Now, this is how you do a film noir homage. Unlike last week’s Area 51 caper, which mostly used a fun intro and the tweaked title card as set dressing to then tell a standard-issue S.H.I.E.L.D. story, this week’s throwback aesthetic commits fully to its premise, going far beyond mere black and white imagery to utilize hardened gumshoe voiceover, a bevy of canted camera angles, and even an unabashed repurposing of Sunset Boulevard’s iconic opening of the dead body floating in a pool. Best of all, it turns out that what seems like a deviation—after all, in that film, the dead man himself is narrating events, not some other guy (or LMD)—isn’t one after all. That really is Coulson in there. He just doesn’t need much in the way of air.
“Out Of The Past” isn’t a perfect episode, but it’s so much fun that it manages to coast by on the strength of its numerous charms. Right at the outset, the show justifies the framing device in a clever way, explaining that the damage LMD Coulson suffered after the team triggered the EMP last week is causing him to see things in black and white and hear his own thoughts in his head. (Justifying a fanciful conceit with a sound in-universe explanation is a bit of a Whedon family specialty, it seems.) From there, we get tough-talking killers, femme fatales, even a McGuffin in the form of the briefcase containing a S.H.I.E.L.D. item that Jemma describes as the “Rosetta Stone” of future tech for the agency—it’s all there, and nearly all of it is delightful.
The storyline also has a bit more resonance this time around, as the team grapples with the knowledge that by not messing with history, they’ll be letting Daniel Sousa die. The famed agent is supposed to deliver a package to Howard Stark, then get killed immediately afterward, securing his place in history as the first S.H.I.E.L.D. agent killed in the line of duty, someone whose legacy will inspire subsequent generations. But ultimately, Mack decides they can’t let it happen; they need a workaround to the rules protecting the flow of time. So they save Sousa, bringing him aboard the Zephyr, while simultaneously engineering a cover story so that “Sousa” still dies in that pool, keeping history the way it was. It’s a nice exploration of one of the show’s key themes, thoughtfully articulated by Mack: “It’s easier to let a bad man live than to let a good man die.” That kind of thematic resonance hasn’t always been in play this season, so it’s enjoyable seeing it get worked out in such entertaining fashion.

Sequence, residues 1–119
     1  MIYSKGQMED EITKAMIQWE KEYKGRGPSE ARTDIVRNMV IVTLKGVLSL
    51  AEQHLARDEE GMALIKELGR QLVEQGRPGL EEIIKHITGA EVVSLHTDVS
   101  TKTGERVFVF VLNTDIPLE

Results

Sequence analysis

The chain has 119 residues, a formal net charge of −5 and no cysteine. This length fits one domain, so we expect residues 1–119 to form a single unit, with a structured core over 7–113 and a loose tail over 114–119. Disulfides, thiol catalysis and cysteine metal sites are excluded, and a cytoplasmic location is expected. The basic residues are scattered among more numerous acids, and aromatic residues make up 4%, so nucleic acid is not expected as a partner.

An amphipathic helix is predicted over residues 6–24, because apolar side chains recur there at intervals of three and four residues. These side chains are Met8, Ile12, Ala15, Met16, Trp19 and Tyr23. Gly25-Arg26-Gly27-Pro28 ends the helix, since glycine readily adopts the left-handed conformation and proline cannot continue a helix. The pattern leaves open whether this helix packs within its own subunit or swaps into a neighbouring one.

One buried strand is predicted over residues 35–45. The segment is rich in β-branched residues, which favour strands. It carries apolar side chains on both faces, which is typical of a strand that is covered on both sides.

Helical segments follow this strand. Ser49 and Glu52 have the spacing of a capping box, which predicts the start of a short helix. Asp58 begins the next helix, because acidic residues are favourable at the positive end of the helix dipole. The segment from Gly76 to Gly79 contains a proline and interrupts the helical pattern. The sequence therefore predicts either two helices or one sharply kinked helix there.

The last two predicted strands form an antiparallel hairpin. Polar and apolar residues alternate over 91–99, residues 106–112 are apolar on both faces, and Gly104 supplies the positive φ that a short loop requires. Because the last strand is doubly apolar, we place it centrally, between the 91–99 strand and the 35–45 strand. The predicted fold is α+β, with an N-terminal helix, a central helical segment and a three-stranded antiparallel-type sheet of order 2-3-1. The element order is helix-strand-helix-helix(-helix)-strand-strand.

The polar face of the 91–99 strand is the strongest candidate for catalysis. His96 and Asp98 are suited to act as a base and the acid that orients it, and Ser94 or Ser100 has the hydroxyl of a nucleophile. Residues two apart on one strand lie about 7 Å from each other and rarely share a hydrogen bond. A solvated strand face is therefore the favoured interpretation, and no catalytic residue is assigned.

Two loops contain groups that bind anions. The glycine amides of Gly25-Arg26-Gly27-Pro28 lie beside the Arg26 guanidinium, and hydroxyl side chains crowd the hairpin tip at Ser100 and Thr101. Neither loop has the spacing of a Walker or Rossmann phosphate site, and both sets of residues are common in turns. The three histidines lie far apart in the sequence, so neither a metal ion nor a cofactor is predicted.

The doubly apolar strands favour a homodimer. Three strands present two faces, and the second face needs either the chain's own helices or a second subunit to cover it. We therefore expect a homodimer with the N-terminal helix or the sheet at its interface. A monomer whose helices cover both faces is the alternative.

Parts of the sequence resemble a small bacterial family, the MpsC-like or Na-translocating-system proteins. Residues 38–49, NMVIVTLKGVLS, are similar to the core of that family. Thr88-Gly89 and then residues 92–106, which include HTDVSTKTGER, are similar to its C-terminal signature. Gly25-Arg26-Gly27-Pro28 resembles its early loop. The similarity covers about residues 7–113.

While Yo-Yo’s problems with her powers get back-burnered this week (as do superpowers in general; seriously, how many episodes in a row are we going to get with no one using their abilities?), May’s situation is finally a little clearer. The Cavalry is only feeling emotions when she touches someone else and picks up their emotional state, and is otherwise completely devoid of them. Neither of those are good for her, long-term, but it’s a solid narrative thread to follow, and helps make things like her panic attack last week avoid being a tired grab at a PTSD storyline that the show doesn’t have time to unpack. This is much more interesting, and gives us moments like that wonderfully unsettling bit where May walks up to the piece of S.H.I.E.L.D. tech and giddily enthuses about how fascinating it is—a far creepier beat than her panic attack last week.